What does a brand have to do to inspire Millennial and Gen Z loyalty?
At PreciseTarget, we used machine learning technologies to look at more than 5 billion purchase transactions spanning more than 2,300 fashion brands. The analysis clearly indicates younger consumers are a brand-switching bunch, although this attribute is often misunderstood by marketers.
These two generations — together, the Gen Zennials — are the product of nonstop social streams, algorithmically designed to stream something new, different and often shocking every time they pick up their phones. Social media created a class of novelty seekers who have a nonstop expectation of new and different. They don’t dislike you, they dislike that you aren’t new.
Before writing them off as one-and-done customers, you should know they have remarkable loyalties. They’re loyal to their personal tastes. They might have seven different jeans brands in their closet, but each pair will be remarkably similar to the others.
Our analysis zeroed in on the 20 to 30 product features — like price, size, color, fabric, style — that make a product unique. It showed young consumers rarely veer outside the white lines of their established tastes. When we looked longitudinally, it also showed that consumer tastes are remarkably stable over time. Over a three-year time span, we saw virtually no changes in tastes at the individual level.
We’re data scientists, which means our taste loyalty hypothesis had to be tested. We selected three categories where we observed particularly high negative brand repurchase rates: outwear, footwear and sports apparel. Our pre-test analysis showed consumers were likely to choose a different brand the next time they made a purchase in the category. We worked with a major retailer for the test, which involved machine learning a new set of 1 million transactions.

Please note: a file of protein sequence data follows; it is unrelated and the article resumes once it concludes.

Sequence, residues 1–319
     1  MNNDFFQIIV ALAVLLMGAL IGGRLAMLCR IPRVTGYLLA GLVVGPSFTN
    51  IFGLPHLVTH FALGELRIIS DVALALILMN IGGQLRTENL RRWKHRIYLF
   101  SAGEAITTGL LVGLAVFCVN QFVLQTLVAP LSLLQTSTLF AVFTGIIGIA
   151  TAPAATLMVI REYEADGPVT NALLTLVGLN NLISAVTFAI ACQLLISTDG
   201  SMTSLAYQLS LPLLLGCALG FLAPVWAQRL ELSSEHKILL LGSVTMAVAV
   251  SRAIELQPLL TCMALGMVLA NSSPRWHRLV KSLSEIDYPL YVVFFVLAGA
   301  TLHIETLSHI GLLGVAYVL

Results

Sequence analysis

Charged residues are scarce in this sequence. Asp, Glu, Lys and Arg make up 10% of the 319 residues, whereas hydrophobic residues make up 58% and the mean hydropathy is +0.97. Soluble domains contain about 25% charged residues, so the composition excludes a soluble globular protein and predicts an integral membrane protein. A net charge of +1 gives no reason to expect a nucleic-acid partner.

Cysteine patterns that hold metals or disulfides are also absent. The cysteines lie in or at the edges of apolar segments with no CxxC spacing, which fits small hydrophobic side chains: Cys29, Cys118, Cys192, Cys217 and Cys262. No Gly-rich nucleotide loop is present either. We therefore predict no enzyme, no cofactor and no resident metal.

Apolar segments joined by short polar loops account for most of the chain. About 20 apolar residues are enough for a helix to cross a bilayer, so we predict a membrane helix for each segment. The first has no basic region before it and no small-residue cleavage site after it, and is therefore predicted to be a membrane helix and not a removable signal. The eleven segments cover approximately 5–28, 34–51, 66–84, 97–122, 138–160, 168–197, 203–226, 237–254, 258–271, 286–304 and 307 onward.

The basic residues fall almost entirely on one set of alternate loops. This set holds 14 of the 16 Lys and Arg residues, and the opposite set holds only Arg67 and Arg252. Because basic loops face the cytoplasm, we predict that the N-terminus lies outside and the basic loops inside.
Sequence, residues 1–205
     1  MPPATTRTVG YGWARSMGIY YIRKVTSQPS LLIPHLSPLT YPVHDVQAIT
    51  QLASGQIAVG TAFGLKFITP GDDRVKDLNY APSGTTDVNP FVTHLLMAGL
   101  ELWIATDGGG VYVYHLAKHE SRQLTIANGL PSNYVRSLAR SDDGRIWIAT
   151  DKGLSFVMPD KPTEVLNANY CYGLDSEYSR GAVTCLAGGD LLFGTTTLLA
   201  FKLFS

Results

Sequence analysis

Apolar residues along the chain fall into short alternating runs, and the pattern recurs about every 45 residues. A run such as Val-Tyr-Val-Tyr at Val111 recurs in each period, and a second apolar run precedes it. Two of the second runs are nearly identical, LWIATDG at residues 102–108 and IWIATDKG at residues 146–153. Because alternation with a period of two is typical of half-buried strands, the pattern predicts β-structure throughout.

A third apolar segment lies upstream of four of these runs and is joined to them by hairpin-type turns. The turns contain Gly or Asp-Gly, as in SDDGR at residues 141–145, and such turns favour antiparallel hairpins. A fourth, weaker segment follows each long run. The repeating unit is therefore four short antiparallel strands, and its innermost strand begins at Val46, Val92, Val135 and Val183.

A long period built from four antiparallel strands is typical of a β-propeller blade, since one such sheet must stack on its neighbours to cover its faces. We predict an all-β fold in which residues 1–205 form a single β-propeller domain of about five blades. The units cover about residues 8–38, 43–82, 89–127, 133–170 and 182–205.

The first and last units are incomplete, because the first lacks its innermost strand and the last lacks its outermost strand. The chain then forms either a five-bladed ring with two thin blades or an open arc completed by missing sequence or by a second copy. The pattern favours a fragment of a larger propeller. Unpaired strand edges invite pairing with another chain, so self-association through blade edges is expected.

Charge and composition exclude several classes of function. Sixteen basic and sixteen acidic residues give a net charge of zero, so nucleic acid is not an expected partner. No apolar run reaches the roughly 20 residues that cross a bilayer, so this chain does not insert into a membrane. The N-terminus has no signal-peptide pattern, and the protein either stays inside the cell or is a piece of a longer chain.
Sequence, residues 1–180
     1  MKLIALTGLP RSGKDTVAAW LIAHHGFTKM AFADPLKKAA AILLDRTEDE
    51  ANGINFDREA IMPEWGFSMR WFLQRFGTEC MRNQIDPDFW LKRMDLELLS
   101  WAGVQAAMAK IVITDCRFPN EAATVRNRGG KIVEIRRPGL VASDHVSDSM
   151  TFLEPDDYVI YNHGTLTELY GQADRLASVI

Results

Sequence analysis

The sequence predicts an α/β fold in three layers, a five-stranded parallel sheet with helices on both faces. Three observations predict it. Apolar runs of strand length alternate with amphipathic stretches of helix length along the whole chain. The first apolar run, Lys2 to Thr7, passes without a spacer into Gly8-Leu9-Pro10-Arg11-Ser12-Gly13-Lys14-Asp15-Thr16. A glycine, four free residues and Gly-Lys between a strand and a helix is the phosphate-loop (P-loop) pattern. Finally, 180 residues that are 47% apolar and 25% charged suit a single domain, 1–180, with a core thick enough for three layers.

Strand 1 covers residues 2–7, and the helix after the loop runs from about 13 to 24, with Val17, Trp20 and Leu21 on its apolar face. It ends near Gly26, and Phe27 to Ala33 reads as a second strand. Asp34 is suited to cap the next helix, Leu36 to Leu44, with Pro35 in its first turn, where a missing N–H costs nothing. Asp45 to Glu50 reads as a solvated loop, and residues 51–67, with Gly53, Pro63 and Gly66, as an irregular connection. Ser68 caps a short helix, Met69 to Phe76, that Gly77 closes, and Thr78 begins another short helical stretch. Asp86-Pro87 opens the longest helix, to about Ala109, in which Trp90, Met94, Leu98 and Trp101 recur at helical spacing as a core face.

What did we see? Their young shoppers were indeed brand switchers but remained very loyal to their tastes. How loyal? Eighty-six percent remained in their taste lane in outerwear, 96 percent in footwear and 91 percent in sports apparel.
Conclusion: Young fashion consumers are remarkably consistent in exhibiting two behaviors: they purposefully switch brands and they’re incredibly consistent in selecting new brands that are like their previous brand. Incidentally, we’re also learning that taste-based targeting offers the best advertising performance.
Aside from brand switching, we were compelled to probe deeper into the behaviors of tomorrow’s shopper. The behavioral research revealed young customers want to engage, but on their terms.
Gen Z prefer in-store shopping, although they want it aided by their mobile phone, not a sales clerk. Griping about anonymous store visitors “showrooming” is so yesterday.
They’re also the influenced generation. Adweek reports 70 percent of them follow online influencers, and 52 percent trust influencers even when they know the influencer is paid by the brand. Perhaps your future chat bot will be manned by a paid influencer. If you go this route, make sure your influencer is well versed in whether your brand uses sustainable materials, conducts fair labor practices and has real people and bodies in your ads. Your new customer is taste loyal, mobile dependent and socially responsible.
What does this mean for brands? The music industry lived through the purchased music-apocalypse, and despite predictions of demise, people are listening to more music than ever. They’re just doing it differently. They’re using AI-powered apps like Spotify, which uses machine learning to understand a consumer’s music tastes. It’s AI streamed to headphones.
Retail will go through an analogous transformative wave. Your new customers will also wear clothes and footwear, but they’ll purchase them differently. Your marketing systems won’t segment them using demographics, rather you’ll segment customers by their machine learned tastes.
Influencers will become an important source of signal data, supplanting the role of yesterday’s fashion show. And your future AI-driven e-commerce site will look and be AI-personalized like Spotify. Young consumers will welcome a more intimate digital relationship with you.
Rob McGovern is chief executive officer and founder of PreciseTarget, a retail data science company that helps brands and retailers connect with their highest-value customers.
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